As the warming sunny days of April enchant us into delusions of summer, many gardens are planted before May. In some lucky years, we get away with it. But nearly as often, a late frost comes to claim our tender plants. Midwestern folk tales call this the Blackberry Winter, because it usually comes around the time blackberries flower. That time is now. And that frost is tonight. The forecast predicts a frigid 26 degrees by tomorrow morning. In this article, I will share five tips you can use to help protect your tender plants from frosts- whether the frost be blackberry, or other.
I like to wait until after Mother’s Day weekend to plant my tomatoes and peppers (unless I plan to protect them), because these plants are very tender and blackberry winters have bitten me before. But my potatoes are already growing in the ground, and although they can withstand light frosts, the young vines can be damaged by temperatures below 29 degrees. I also planted a few cucumbers last week against my better judgement, and they’ll need serious protection tonight. In my cool season garden I have onions, kale, collards, kohlrabi, and cabbage. Those plants should be mostly fine, but 26 degrees is right on the borderline of cabbage’s cold hardiness, so I’ll add a light covering to that bed just to be safe. A quick google search should inform you of the frost tolerances of any other plants you might have in your garden.
Tip #1: Water Well. This strategy is important for all types of plants. Wet soil can retain heat better than dry soil, so by ensuring your soil is well watered before a frost, you can add a layer of protection. I suggest watering before adding any sort of frost covering unless your soil is already moist.
Tip #2: If only light protection is needed, use a fabric covering. You can use an old sheet, or you can purchase floating row cover fabric. Floating row cover fabric is sold specifically for farm and garden purposes, and is usually rated to a specific temperature. Fabric coverings can be draped directly over the plants and anchored to the soil with rocks, bricks, or earth staples.
Tip #3: For more frost protection, I use 6 mil clear plastic sheeting, such as might be found at a hardware store in the vapor barrier section. But if you use a plastic covering, it’s important that the plastic is raised above plants instead of resting directly on them. Use hoops, buckets, or anything else you can find to elevate the plastic above the level of your tallest plant. Plastic is also easily carried off by a strong wind, so make sure it’s weighted down very thoroughly.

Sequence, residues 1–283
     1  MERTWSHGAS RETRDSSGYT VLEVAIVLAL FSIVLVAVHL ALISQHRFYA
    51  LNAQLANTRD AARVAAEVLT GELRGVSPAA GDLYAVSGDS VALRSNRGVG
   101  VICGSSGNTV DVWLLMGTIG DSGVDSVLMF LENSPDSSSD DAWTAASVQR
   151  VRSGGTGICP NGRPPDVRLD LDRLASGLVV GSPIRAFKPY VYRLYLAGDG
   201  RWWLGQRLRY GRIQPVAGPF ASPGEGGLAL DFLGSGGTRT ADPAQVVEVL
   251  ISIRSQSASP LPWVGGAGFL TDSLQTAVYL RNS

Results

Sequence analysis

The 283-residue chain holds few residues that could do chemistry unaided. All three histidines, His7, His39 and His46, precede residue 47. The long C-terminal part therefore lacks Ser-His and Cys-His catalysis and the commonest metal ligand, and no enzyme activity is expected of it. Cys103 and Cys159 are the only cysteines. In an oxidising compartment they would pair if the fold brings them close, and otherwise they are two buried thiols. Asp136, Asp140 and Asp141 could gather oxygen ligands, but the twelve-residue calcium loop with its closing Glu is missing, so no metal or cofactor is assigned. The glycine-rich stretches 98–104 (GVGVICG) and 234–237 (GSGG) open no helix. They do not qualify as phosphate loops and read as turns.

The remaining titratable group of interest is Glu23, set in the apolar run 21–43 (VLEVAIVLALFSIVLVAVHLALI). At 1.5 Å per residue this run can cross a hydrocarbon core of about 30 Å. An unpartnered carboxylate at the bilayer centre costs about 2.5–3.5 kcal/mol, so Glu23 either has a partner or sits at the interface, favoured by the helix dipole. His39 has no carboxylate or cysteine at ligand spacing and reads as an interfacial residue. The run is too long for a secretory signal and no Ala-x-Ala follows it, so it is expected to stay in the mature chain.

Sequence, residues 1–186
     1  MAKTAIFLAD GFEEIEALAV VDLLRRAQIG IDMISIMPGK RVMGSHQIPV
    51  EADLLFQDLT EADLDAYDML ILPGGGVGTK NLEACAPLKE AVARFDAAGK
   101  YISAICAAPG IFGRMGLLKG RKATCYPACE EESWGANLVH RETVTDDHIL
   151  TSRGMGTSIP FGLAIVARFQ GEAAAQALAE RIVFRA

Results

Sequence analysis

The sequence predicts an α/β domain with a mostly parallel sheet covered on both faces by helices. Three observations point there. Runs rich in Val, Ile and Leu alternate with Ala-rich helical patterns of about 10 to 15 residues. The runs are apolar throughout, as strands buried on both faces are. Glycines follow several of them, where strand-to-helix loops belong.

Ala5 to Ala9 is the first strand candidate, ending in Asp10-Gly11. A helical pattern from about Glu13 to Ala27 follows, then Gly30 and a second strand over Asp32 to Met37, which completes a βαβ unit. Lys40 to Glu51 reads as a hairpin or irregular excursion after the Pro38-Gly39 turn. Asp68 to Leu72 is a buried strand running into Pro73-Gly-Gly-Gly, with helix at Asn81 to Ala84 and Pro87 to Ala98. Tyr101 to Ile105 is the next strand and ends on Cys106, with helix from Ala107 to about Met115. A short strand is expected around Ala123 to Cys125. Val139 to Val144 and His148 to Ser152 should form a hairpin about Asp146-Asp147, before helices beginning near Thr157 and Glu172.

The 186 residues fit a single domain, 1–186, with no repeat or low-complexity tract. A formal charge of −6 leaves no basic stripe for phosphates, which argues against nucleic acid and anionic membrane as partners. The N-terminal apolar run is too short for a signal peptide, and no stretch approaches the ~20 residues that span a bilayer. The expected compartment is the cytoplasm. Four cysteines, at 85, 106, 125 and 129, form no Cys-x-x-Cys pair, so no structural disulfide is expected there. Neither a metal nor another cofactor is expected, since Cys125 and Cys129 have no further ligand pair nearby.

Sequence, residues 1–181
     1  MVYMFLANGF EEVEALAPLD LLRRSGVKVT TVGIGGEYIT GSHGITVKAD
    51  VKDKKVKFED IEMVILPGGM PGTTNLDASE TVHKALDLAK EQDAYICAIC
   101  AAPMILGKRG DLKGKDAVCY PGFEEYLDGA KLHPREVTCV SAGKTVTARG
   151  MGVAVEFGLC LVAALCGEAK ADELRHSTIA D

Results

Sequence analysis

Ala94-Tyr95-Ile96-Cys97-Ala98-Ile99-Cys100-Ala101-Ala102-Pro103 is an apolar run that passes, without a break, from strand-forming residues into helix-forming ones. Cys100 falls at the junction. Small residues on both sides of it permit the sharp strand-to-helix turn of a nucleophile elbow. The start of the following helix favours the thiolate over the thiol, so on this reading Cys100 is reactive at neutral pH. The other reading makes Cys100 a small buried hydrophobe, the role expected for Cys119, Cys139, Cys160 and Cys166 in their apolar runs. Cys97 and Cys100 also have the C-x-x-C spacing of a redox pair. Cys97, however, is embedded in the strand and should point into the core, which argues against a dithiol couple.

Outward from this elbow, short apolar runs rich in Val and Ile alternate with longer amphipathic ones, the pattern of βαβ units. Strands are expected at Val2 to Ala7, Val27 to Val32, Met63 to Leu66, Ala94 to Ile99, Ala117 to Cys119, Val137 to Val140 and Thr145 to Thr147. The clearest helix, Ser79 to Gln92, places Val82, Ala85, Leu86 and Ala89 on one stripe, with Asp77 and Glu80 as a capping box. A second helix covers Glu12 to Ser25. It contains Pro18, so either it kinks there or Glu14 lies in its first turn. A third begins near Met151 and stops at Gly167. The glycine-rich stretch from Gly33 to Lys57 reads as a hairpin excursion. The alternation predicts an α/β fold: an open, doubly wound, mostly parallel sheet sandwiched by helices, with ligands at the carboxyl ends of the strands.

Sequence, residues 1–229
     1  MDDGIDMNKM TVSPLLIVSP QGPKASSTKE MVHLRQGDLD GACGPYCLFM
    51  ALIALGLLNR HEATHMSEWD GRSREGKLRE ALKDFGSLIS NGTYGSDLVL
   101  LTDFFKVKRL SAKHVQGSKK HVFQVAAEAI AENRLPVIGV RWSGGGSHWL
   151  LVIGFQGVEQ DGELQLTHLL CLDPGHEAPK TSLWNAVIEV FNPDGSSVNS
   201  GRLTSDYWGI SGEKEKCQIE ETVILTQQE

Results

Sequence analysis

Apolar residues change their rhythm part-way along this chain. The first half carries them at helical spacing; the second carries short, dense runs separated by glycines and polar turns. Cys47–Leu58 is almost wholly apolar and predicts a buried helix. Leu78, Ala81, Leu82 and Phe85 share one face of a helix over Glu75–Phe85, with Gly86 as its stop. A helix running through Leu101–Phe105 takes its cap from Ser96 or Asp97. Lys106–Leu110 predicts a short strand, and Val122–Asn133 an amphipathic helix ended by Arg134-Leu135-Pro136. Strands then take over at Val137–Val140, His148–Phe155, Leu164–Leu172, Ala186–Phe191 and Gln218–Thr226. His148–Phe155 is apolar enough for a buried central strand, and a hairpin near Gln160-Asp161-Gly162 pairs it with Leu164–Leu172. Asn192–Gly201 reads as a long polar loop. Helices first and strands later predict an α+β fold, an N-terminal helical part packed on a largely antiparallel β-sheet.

Tip #5: Add thermal mass. A great thermal mass material will absorb heat from the sun during the day, and then release that stored heat during cool periods. In a garden situation, water is by far the best and most available thermal mass material. I save empty gallon jugs to fill with water and place throughout my garden for this purpose, but I’ve also used 5 gallon buckets with great results. There’s a product called “Wall O Water” that creates 360 degree water-based thermal mass around a single plant, and the manufacturer claims it will protect a plant down to 16 degrees! I don’t think I’ve ever tried it in weather quite that cold, but I have used these for years and I can say that they’ve handled whatever the weather has thrown at them and they have the benefit of being much more convenient and user-friendly than any of the other protection options. They work from exactly the same principles as the gallon jugs of water though, so don’t feel like you have to go out and buy fancy items just to have a successful garden. For more information about thermal mass, this article is very educational! Note that the water must be placed out during the day to give it a chance to store warmth. In a pinch, if you don’t have time to set them out in advance, you can fill the jugs with very warm water from your tap.
Tip #5: For even more protection, add an extra layer. Have you ever noticed that if you go out into the depths of winter wearing a t-shirt and leggings under a big bulky coat, you actually feel colder than if you had a tight layer of wool thermals under jeans and a lighter coat? Two layers of plastic with an air gap between them will far surpass the protection of a single layer. The air gap can be created with a layer of bubble wrap, or by adding a physical separation like an outer hoop structure. If you also add thermal mass inside, your plants will ultra-protected. That level of protection isn’t needed tonight for our 26 degree cold snap, but it’s a useful strategy that can help you grow plants all winter long.
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